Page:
just finished reading your article “A Look Into Youth Futbol” and wanted to thank you personally for your insights. The topic of your article consumes a lot of my attention, and as a resident of the USA I am eager to make a difference in the youth sports culture. The country where i grew up and played most of my career, The Netherlands, does not separate recreational and competitive youth sports like most countries in the world, but embraces both within the same club structure, providing everybody an opportunity for continued growth. Another big difference is that adult soccer is part of these clubs as well, making sure a youth soccer player’s development continues after the U17 age group. As you said in your article, sports are an essential part of the local communities, and are not driven by $. There is a place to play for all, within your community, usually at walking or biking distance. By charging large amounts of $ for Youth Development, we continue to push out the ones who can not afford to play in the clubs that are connected to the Development Academy. Focus on local and regional development of the game, bring all soccer under the same governing body, and put our energy in community driven sports, will make a huge difference.

    I have lived in Los Angeles for the last 16 years, and worked as a coach and Director of Youth Development for the MLS club Chivas USA from 2005-15. I recently wrote this article, http://www.thehup.net/2016/04/04/social-entrepreneurship-in-youth-soccer-home-field-advantage/.

  2. Good stuff. I have a few questions…

    How do the kids in Spain get to and from team training? Just curious to how that compares to the U.S. where kids are driven to training b/c parents and geography. That limits the amount of time before and after practice kids can free play, because the parents are usually too busy to get there too early or stay too late.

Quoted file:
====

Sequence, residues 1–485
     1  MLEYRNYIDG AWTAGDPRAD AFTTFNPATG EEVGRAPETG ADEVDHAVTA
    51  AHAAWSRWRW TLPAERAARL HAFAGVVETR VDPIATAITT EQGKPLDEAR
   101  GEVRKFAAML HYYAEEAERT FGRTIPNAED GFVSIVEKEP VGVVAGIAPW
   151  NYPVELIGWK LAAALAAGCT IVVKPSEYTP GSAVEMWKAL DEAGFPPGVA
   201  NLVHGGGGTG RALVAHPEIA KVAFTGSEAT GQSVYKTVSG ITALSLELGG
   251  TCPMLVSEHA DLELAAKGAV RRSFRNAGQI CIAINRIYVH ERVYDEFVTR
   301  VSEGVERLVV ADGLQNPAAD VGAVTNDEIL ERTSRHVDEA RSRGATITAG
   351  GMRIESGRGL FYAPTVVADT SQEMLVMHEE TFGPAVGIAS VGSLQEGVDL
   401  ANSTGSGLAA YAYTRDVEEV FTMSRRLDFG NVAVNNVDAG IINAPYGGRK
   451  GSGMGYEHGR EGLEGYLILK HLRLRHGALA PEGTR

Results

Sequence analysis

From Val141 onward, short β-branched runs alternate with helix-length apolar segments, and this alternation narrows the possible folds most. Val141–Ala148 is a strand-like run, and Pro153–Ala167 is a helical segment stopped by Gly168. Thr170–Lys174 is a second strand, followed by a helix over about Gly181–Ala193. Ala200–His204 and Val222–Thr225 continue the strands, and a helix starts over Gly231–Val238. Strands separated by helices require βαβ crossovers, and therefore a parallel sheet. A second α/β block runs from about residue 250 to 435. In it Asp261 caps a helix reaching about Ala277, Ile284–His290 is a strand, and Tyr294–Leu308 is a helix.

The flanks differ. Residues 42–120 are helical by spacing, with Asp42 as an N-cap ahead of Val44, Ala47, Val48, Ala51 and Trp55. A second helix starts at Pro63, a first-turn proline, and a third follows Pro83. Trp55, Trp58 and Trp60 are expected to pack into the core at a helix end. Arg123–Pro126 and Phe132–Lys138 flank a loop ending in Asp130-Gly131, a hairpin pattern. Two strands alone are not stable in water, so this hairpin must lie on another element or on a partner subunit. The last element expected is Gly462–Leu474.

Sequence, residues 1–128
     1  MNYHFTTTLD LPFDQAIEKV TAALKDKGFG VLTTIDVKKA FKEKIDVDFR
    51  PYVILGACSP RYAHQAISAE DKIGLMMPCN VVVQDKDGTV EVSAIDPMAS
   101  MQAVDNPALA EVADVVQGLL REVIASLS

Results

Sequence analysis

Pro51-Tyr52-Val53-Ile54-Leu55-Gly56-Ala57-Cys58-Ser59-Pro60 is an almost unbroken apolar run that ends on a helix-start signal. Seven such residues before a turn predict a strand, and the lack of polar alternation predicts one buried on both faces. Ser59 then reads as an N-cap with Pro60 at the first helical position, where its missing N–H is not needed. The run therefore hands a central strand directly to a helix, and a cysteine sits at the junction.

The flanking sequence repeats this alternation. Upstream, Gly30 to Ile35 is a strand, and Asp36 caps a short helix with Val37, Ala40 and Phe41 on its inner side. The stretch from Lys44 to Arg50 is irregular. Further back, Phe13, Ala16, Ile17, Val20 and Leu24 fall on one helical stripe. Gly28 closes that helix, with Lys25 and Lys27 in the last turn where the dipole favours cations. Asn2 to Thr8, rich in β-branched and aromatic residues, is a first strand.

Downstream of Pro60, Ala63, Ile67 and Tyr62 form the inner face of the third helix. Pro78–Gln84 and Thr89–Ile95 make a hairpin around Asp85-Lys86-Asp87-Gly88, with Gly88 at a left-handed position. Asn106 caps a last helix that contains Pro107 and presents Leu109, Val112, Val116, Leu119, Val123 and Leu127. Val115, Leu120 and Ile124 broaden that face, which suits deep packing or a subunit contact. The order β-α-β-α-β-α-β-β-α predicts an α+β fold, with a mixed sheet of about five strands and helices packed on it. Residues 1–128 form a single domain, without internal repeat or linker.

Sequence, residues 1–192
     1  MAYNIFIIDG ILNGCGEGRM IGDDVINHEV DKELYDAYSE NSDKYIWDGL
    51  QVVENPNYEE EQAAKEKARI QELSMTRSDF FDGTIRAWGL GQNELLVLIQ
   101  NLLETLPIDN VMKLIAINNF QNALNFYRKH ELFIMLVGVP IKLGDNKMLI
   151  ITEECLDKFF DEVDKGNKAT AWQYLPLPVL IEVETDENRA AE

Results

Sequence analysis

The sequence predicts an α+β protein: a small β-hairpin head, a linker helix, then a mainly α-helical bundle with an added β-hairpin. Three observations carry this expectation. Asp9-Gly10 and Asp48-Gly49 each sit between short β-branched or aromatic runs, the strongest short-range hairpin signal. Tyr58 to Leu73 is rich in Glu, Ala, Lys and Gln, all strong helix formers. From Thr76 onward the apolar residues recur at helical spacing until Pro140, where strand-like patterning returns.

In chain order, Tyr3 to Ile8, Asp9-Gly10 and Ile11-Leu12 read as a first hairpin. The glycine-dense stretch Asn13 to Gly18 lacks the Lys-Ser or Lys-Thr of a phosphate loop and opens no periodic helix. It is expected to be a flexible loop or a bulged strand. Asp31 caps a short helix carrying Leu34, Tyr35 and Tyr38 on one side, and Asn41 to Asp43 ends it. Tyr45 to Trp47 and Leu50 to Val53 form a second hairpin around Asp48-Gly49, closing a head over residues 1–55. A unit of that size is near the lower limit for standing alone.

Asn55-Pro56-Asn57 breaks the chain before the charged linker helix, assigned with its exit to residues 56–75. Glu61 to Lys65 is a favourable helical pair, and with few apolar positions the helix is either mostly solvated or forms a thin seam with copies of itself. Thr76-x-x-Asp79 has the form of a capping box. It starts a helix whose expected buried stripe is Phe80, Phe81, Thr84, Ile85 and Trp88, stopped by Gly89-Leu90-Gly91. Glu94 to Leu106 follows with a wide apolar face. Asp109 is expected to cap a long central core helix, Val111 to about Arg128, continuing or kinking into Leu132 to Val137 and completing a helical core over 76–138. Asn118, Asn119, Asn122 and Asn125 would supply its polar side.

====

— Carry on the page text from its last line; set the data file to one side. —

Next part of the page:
Also, I’m curious about the cost there. I have a few friends from overseas that are shocked by how much it costs to be on a club team in the U.S. Where they are from it costs $80 – $200 / yr vs. $1,300 – $3,000 / yr in the U.S.

    I’ve never seen a good breakdown comparison to show why the costs are so different. Would you be interested in working with me on breaking that out? I would love to do an article to show how it’s done…but I just haven’t been able to find good info.

    1. Thanks for the reply. Costs in Spain are about 30-50€/month at 10 months. A yearly insurance is required through the federation at 50-100€ annually depending on age. Coaches are paid 150-200€/month and I am sure the town subsidizes field costs. Most players live very close to the training facility or are dropped off

      1. Thanks George. That’s not as much less than I would have thought. Is that coach fee per player or in total. Is that per team?

Leave a Reply

Fill in your details below or click an icon to log in:

WordPress.com Logo

You are commenting using your WordPress.com account. Log Out /  Change )

Google photo

You are commenting using your Google account. Log Out /  Change )

Twitter picture

You are commenting using your Twitter account. Log Out /  Change )

Facebook photo

You are commenting using your Facebook account. Log Out /  Change )

Connecting to %s